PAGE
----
Financial instruments — Macro hedge accounting (IASB only)
The IASB discussed how the proposed portfolio revaluation approach might be applied with respect to accounting for macro hedging activities for risks other than interest rate risk.
To date, the Board’s discussions on the accounting for macro hedging activities have focused on a portfolio revaluation approach where macro hedging activity for interest rate risk is undertaken by banks. At the September 2011 IASB meeting, it was discussed that the intention of the IASB was to develop an accounting model for macro hedging activities that would accommodate different types of risk (i.e., not limited to the accounting for macro hedging activities of interest rate risk or the needs of financial institutions). At this meeting, the staff presented their initial findings on the outreach undertaken to date in order to identify instances in which macro hedging activity for open portfolios is undertaken for risks other than interest rate risk, and to consider the relevance of a revaluation approach to that activity. The staff noted that some corporates do undertake macro hedging activity for foreign exchange risk and/or commodity price risk.
Providing possible solutions for macro hedging activity of these risks, the staff believed that although the revaluation approach is expected to be most widely applied by financial institutions managing interest rate risk on open portfolios, it should not be restricted to interest rate risk. The staff also noted similarities in different types of risk management activities which is expected to result in the majority of guidance on the revaluation approach being applicable to macro hedging activity of open portfolios regardless of the particular hedged risk. However, the staff acknowledged that some specific guidance may be required for particular aspects of different risks. The staff also noted that further outreach was required to understand the scope of risks managed in an open portfolio and the interaction of a macro hedging model with that of the general hedging model.
The Board was not asked to make any tentative decisions on this paper, but feedback was requested to the staff’s analysis. That feedback can be summarised as follows:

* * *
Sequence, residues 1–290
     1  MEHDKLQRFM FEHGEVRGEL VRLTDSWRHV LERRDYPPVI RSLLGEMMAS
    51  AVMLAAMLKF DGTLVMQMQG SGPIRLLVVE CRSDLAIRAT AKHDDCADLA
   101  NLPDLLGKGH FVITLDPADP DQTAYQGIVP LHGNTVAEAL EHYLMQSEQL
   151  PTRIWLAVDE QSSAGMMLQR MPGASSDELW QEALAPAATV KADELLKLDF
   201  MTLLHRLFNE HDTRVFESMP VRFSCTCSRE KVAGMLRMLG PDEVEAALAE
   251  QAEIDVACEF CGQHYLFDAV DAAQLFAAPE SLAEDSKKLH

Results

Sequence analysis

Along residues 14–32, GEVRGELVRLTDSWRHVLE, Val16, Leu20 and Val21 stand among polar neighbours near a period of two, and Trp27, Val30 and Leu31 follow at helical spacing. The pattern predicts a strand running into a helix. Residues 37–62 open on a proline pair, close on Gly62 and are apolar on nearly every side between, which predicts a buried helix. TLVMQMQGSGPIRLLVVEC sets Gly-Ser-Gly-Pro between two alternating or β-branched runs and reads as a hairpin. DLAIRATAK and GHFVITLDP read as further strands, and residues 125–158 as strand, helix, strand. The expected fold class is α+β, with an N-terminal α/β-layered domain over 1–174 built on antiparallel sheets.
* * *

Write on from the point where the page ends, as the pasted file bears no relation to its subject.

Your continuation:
- A need for more outreach. The staff highlighted that its outreach regarding the application of a revaluation approach to macro hedging activities for open commodity portfolios was limited in scope at this point. As a result, many Board members highlighted the need for more outreach (particularly outreach to corporates and users) to understand needs for solutions for macro hedging activity of other than interest rate risks. However, others expressed concern that continued outreach activity would extend the project completion date. Instead, they preferred that the Board move forward with issuance of a Discussion Paper as a source of constituent feedback.
- Scope of the model. One Board member questioned whether the macro hedging model should capture only risks which result in an accounting mismatch (such as interest rate risk), or should also consider those risks which do not create an accounting mismatch (such as foreign exchange risk since recognised foreign currency monetary items are revalued for spot foreign exchange under IAS 21 The Effects of Changes in Foreign Exchange Rates). The Board member rhetorically asked whether the Board wanted pipeline trades, forecast transactions and firm commitments in the model. If so, he believed more outreach was needed.
Hearing this feedback, the staff expressed an intention to continue drafting the Discussion Paper, which will provide an overview of the revaluation model considering IASB discussions to date.
General hedge accounting
Subsequent to discussing macro hedge accounting, the IASB Chair requested a status update on the general hedge accounting proposals. In September 2012, the IASB published on its website a staff draft of the general hedge accounting section of IFRS 9 which was intended to illustrate the IASB's position while at the same time allowing constituents to familiarise themselves with the document. However, the staff noted that constituents had used the staff draft as an opportunity to comment on specific proposals. The staff does not intend to revisit previous tentative decisions of the Board. However, the staff noted two issues which it intends to bring to the Board at its January 2013 meeting; those issues relate to the interaction of the general hedge accounting proposals with the macro hedging project and IAS 39 Financial Instruments: Recognition and Measurement requirements, as well as the application of the model to cross-currency swaps.